Cortland County taxpayers could see a $1 million or more increase in Medicaid costs if the state shifts the burden in spending increases in the state’s 2020-21 budget. Or maybe they’ll see no increase at all.
“The fallacy in the rhetoric about this proposal is that counties actually control Medicaid costs,” said Kristen Monroe, Cortland County’s social services commissioner. “Counties in New York state do not control factors that determine cost. Counties do not establish eligibility guidelines, benefits offered, reimbursement rates, utilization thresholds, provider contracts, prescription costs or demographics. In fact, local departments of social services are mandated by state law to make accurate and timely eligibility determinations for Medicaid in compliance with policies set by the state.”
Legislators will consider Feb. 27 sending a letter to the governor, the state legislature and the Medicaid Redesign Team II — set up to find $2.5 billion in savings from the program — urging them to preserve the zero percent Medicaid growth cap, meaning the county would not need to pay extra if the county sees an increase in Medicaid spending.
Gov. Andrew Cuomo proposes forcing counties that exceed 3% growth in Medicaid spending to pay the cost beyond the 3% themselves, rather than the state. That would be regardless of whether the increase is because more people need Medicaid services, or whether the cost of care goes up. The cost of care has risen an average of 5% a year between 1991 and 2014, reports the non-profit Kaiser Family Foundation.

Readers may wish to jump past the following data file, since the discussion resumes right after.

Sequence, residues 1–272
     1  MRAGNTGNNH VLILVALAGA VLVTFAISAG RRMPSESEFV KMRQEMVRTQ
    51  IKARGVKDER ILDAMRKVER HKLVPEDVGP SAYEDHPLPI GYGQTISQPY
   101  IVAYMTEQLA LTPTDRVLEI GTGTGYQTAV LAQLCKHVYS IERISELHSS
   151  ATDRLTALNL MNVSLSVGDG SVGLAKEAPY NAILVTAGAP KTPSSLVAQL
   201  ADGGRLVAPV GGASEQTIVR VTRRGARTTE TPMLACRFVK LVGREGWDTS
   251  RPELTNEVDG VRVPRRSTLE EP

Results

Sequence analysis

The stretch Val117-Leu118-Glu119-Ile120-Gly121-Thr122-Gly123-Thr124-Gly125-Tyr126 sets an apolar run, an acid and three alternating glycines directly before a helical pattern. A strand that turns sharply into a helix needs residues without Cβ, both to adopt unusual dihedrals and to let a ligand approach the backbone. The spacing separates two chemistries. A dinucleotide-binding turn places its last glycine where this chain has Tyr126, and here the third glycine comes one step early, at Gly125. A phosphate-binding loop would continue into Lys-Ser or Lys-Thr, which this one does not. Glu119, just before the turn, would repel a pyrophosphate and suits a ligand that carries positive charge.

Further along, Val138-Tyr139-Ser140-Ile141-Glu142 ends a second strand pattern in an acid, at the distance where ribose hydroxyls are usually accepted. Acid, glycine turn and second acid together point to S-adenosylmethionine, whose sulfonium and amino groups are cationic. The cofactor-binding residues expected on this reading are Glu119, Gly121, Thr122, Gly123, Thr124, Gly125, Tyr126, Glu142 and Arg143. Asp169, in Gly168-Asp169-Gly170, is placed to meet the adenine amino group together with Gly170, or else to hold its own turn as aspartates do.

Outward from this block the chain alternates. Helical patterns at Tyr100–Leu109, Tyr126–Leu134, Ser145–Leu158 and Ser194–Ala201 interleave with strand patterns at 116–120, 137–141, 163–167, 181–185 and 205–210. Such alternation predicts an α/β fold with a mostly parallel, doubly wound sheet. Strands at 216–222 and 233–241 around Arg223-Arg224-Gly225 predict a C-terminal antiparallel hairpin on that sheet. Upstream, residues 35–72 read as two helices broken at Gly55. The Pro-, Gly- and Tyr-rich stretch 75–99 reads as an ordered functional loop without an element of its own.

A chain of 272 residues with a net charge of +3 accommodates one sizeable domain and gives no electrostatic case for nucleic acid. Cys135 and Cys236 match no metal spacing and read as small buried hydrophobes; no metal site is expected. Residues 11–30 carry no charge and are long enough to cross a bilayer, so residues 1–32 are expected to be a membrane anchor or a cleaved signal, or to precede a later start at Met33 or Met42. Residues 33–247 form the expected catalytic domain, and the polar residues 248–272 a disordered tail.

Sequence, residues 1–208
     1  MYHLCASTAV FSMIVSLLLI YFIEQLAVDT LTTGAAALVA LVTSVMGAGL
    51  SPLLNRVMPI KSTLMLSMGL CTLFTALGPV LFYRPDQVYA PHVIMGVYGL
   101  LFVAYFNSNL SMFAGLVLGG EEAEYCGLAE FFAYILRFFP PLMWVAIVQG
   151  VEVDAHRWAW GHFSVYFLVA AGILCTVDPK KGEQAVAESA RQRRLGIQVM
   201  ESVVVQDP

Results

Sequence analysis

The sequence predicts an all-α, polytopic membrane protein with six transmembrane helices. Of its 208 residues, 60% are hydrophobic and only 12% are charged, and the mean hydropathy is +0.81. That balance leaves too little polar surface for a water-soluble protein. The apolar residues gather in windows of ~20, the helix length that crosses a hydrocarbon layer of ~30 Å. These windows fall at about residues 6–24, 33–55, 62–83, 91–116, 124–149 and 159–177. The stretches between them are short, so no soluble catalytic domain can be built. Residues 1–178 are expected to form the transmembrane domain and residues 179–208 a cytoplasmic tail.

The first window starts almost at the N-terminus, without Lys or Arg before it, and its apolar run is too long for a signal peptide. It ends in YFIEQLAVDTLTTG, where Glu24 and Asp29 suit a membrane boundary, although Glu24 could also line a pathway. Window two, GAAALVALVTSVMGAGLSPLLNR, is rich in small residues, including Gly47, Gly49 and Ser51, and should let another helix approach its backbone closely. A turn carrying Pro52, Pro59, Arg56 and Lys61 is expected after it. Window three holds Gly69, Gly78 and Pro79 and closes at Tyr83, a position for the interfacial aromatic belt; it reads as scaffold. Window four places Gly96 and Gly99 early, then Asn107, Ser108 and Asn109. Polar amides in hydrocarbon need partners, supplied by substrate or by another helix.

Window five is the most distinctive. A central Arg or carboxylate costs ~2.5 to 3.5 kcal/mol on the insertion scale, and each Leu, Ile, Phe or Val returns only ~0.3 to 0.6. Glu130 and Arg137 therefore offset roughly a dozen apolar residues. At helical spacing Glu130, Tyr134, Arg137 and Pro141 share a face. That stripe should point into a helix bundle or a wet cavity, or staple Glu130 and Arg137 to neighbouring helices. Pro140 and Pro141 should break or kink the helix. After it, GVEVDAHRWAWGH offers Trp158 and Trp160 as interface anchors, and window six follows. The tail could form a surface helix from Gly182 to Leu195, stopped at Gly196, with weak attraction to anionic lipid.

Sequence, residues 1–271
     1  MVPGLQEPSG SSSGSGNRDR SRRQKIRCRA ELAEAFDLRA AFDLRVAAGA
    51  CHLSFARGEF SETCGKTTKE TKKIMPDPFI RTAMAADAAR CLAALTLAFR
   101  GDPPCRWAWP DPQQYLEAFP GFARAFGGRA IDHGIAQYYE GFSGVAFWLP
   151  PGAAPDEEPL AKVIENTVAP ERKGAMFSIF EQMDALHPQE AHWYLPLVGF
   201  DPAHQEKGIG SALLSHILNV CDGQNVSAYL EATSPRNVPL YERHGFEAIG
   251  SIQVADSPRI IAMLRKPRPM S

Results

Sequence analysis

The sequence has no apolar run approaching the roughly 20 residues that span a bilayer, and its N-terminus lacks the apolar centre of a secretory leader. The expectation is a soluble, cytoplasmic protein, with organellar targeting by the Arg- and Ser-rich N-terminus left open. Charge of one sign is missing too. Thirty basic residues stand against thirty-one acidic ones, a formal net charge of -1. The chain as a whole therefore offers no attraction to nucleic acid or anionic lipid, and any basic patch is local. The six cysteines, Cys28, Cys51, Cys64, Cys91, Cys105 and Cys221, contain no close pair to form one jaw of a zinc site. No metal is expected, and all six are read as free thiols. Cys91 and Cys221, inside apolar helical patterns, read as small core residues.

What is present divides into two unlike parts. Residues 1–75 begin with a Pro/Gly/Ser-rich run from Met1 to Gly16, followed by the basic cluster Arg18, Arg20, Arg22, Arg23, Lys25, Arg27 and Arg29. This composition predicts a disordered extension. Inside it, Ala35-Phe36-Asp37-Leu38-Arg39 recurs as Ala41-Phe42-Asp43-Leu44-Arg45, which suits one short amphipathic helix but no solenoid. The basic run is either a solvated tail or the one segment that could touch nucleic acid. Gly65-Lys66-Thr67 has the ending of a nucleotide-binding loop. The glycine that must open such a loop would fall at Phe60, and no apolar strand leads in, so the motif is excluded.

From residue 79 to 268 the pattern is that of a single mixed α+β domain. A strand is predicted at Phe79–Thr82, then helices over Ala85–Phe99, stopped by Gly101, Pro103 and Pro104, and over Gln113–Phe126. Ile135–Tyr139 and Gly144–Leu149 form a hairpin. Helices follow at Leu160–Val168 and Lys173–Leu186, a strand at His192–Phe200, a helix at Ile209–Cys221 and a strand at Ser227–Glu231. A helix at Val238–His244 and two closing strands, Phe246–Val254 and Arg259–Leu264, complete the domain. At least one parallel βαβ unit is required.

That could mean property taxpayers could end up paying more.
More than 6 million disabled and low-income New Yorkers get their health care coverage from Medicaid. In Cortland County, about 11,800 people receive Medicaid benefits, Monroe said.
Using data from the past five years, Monroe said the county would have had to pay anywhere from $500,000 to almost $1 million to the state for three of those years had this proposed policy been in place.
“We need to be even more cautious, however, because it is not clear how the proposed changes might use, or not use federal Medicaid funds to offset the county’s share of Medicaid,” Monroe said.
The county pays $187,173 a week — $9.7 million a year — to the state for its share of Medicaid. The cost is about two-thirds of the Department of Social Services budget and around one-third of the property tax levy.
Tompkins County is in the same boat.
Tompkins County legislators were in Albany last week as part of Advocacy Day in which they met with state representatives on the topic.
“The governor’s proposal would cost Tompkins County more than $1.5 million, which is a 13% increase in our Medicaid share,” said Legislator Shawna Black (D-Ithaca), who was the then-interim chairwoman of the legislature. “We couldn’t just raise property taxes enough to cover it; that would be a 3% property tax levy by itself.”
Tompkins County pays $219,478 a week for Medicaid, for a total of $1.54 million since the start of 2020.
State Sen. James Seward (R- Milford), the ranking minority member of the Senate Finance Committee, said he had hoped there would be more constituencies represented on the redesign team.
“County officials, ambulance providers, and upstate voices, among others, were left off by the governor, meaning key demographics will not be heard from during this crucial examination of our Medicaid system,” Seward said.
CNHI News Service contributed to this report.